2024 Lok Sabha Polls: The battle for Bihar

Modi’s grandstanding aside, the emerging shape and solidity of the I.N.D.I.A. bloc in Bihar promises to give the BJP nightmares

Rahul Gandhi, Tejashwi Yadav and Akhilesh Yadav (right to left) at the Jan Vishwas Rally in Patna (photos: Getty Images)
Rahul Gandhi, Tejashwi Yadav and Akhilesh Yadav (right to left) at the Jan Vishwas Rally in Patna (photos: Getty Images)

Abdul Qadir

Prime Minister Narendra Modi did not visit Bihar even once in the past two years, but early this month, he made three trips in five days. This is election season, after all, and it’s time for The Great Leader to makes some new transformational promises to make Bihar/India great again. Investments in the state? Government jobs? Loans for pakora stalls? What will it be— the suspense is nail-biting.

Many more visits are surely on the cards in days to come because the stakes here are big. Bihar accounts for 40 seats in the Lok Sabha, and is the only state in the Hindi heartland the Bharatiya Janata Party has not been able to conquer on its own steam. So, call it coincidence or careful planning, the three rallies so far featuring the BJP’s pradhan sewak were held in Aurangabad, Begusarai and Bettiah (Purvi Champaran), seen as upper-caste bastions represented by BJP members from the powerful Rajput and Bhumihar castes.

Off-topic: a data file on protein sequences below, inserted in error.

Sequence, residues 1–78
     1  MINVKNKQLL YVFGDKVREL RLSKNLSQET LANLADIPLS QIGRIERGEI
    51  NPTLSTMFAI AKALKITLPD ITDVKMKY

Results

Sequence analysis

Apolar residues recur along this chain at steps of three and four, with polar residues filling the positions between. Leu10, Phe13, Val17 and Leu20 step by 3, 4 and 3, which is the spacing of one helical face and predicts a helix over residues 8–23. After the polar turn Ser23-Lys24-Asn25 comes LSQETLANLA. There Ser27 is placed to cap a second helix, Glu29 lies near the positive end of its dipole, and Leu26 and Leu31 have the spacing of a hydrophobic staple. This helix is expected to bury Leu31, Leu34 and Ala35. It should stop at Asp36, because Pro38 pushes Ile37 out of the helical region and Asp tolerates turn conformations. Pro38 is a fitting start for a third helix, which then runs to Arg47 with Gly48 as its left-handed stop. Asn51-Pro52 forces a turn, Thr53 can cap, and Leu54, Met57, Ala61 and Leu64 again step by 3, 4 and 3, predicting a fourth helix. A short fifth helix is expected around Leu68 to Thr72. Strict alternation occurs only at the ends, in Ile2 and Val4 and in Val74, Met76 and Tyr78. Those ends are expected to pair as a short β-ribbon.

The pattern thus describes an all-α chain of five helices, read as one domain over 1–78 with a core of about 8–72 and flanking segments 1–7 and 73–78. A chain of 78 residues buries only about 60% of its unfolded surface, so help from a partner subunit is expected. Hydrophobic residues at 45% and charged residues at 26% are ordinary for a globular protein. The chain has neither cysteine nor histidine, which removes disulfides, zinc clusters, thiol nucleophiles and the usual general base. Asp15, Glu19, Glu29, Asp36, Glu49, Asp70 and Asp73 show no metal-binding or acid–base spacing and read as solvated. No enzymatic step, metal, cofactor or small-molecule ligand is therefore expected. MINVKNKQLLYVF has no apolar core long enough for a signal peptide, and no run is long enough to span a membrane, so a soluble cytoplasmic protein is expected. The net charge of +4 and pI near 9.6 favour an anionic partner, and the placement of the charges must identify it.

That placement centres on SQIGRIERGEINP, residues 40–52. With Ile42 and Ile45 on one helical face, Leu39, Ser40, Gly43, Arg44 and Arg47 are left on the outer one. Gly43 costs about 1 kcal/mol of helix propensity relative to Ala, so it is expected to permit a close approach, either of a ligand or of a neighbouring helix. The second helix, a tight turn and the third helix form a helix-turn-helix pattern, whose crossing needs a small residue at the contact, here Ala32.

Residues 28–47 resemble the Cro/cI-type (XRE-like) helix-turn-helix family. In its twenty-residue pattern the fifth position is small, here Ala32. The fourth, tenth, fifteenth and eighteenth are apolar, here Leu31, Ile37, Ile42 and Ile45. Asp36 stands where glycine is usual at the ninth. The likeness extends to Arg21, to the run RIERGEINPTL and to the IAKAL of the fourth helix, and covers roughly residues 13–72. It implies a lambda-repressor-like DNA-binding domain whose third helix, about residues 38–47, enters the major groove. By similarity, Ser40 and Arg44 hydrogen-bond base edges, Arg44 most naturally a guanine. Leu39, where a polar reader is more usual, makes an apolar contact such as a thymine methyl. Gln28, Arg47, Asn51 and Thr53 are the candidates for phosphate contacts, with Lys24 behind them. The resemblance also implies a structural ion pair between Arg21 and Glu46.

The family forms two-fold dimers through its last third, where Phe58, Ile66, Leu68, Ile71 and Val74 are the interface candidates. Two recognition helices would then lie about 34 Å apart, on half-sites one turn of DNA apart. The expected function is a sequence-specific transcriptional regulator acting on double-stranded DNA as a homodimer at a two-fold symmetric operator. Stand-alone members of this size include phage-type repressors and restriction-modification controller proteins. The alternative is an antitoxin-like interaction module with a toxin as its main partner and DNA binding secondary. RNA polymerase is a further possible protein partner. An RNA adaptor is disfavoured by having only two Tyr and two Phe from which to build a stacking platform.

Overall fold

More to the point of still needing allies in this state, at the rally in Aurangabad, Modi made the rare gesture—another such instance doesn’t even come to mind—of allowing Nitish Kumar to stand by his side under a huge garland that covered them both. It brought to mind the many occasions when other BJP leaders of note—most recently Rajnath Singh—have been shown their place in no uncertain terms. Nobody steals any corner of the limelight from PM Modi.